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June 7, 2013;

According to a spokesperson from the United Nations’ Office of the High Commissioner for Human Rights (OHCHR), High Commissioner Navi Pillay has expressed concern over Egypt’s conviction of 43 NGO workers last week. The workers were convicted based on a “vaguely worded” article in the penal code, which is a holdover from the reign of President Hosni Mubarak and has often been interpreted in ways seen as restricting the right to association. Most were most convicted in absentia and they are appealing. UN Secretary-General Ban Ki-moon said in a statement on Wednesday that the conviction and sentencing of a number of local and foreign employees of international non-governmental organizations (NGO) is a sign of “an increasingly restrictive environment” for civil society in the country.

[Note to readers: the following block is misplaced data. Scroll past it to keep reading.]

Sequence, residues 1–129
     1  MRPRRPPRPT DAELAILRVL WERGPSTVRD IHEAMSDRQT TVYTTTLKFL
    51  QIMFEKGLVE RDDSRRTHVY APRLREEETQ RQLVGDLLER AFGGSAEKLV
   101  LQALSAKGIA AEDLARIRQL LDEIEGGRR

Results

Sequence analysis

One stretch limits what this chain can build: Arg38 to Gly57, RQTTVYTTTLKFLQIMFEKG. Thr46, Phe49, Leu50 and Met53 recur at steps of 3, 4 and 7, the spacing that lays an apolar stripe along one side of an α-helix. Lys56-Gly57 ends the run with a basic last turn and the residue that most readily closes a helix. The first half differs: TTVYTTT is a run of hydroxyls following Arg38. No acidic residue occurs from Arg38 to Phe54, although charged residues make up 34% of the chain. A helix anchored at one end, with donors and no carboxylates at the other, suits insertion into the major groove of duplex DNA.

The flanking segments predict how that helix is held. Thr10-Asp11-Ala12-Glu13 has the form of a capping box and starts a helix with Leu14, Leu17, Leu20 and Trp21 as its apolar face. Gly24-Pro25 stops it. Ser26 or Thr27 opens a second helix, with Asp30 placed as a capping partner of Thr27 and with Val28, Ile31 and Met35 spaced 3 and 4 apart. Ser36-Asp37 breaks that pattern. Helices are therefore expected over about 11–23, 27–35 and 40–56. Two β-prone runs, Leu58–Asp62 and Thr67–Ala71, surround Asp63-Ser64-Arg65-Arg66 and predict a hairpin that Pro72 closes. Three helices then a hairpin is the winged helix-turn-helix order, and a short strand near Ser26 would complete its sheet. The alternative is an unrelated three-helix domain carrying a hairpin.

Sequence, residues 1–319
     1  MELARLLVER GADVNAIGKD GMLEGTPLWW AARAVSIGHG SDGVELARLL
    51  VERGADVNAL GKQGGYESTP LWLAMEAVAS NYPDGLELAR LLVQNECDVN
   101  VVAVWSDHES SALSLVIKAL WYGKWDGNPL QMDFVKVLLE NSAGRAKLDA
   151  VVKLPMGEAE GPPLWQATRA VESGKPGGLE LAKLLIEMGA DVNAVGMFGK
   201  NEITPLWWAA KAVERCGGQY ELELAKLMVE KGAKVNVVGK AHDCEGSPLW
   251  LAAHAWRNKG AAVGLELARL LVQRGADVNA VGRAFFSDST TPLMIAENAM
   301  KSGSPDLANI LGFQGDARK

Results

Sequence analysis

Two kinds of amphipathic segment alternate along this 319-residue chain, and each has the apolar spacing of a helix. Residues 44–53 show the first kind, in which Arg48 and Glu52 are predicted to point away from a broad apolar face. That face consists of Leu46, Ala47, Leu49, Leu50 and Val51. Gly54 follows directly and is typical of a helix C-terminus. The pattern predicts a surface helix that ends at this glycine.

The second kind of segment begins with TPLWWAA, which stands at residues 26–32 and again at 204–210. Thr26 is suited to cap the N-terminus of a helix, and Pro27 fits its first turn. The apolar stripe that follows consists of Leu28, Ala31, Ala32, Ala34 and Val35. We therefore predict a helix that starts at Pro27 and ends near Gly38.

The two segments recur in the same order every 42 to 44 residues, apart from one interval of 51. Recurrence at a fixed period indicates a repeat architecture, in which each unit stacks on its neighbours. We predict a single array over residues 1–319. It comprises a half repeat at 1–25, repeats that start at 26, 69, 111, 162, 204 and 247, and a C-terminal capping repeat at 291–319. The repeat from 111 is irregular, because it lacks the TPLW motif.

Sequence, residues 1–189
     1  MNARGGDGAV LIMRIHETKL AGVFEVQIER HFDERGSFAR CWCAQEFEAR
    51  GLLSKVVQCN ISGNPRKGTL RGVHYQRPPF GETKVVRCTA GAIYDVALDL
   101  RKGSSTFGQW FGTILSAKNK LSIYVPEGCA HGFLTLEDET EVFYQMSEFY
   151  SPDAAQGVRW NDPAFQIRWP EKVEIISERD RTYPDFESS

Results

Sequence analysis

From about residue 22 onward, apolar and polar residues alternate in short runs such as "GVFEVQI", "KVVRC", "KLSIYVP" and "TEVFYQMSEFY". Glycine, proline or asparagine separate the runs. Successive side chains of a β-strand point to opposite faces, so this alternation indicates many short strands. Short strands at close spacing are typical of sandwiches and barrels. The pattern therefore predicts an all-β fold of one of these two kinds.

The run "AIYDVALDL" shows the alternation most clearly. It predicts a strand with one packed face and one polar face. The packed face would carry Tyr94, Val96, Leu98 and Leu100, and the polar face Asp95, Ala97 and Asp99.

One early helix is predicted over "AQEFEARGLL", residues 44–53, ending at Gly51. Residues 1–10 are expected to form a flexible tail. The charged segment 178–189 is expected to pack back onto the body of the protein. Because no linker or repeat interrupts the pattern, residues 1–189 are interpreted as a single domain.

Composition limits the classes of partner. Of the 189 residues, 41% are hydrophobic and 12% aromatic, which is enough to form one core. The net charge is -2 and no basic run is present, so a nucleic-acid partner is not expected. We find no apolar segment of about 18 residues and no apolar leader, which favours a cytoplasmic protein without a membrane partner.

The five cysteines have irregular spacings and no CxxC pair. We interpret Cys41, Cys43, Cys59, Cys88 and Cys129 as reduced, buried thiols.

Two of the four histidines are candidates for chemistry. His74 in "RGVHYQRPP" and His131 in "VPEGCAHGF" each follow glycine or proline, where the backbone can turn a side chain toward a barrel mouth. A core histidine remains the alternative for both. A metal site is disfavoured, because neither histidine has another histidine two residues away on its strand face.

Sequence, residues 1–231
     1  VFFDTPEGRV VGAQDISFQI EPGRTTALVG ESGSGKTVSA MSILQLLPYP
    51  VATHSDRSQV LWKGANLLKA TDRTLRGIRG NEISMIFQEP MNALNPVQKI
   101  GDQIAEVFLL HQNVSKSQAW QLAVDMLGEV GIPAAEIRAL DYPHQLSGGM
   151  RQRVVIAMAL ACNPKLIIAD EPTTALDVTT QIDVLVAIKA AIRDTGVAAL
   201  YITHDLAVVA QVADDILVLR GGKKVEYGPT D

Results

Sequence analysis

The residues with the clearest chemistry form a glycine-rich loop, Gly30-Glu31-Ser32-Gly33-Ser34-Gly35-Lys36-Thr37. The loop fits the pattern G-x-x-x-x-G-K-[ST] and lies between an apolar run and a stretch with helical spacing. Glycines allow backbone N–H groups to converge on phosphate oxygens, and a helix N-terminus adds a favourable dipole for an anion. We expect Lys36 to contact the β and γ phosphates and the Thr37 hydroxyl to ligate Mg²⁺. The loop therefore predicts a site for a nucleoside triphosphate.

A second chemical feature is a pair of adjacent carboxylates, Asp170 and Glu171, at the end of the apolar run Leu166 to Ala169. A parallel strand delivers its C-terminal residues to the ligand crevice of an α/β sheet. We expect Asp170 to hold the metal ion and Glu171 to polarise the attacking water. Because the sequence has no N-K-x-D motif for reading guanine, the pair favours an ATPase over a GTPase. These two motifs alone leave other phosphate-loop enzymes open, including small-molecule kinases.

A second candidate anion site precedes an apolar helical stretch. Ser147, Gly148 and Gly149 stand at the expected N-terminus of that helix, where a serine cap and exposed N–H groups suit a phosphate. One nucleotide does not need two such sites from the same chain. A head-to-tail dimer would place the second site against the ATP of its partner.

OHCHR spokesperson Rupert Colville told journalists in Geneva, “Provisions regulating the right to association should be interpreted and implemented in conformity with the relevant international jurisprudence.” Colville added that restrictions should align to international human rights obligations, especially Article 22 of the International Covenant on Civil and Political Rights, which was ratified by Egypt in 1982 and stipulates that “everyone shall have the right to freedom of association with others, including the right to form and join trade unions for the protection of his interests.” Egypt’s legislature is, in fact, now revisiting its laws related to free association.—Ruth McCambridge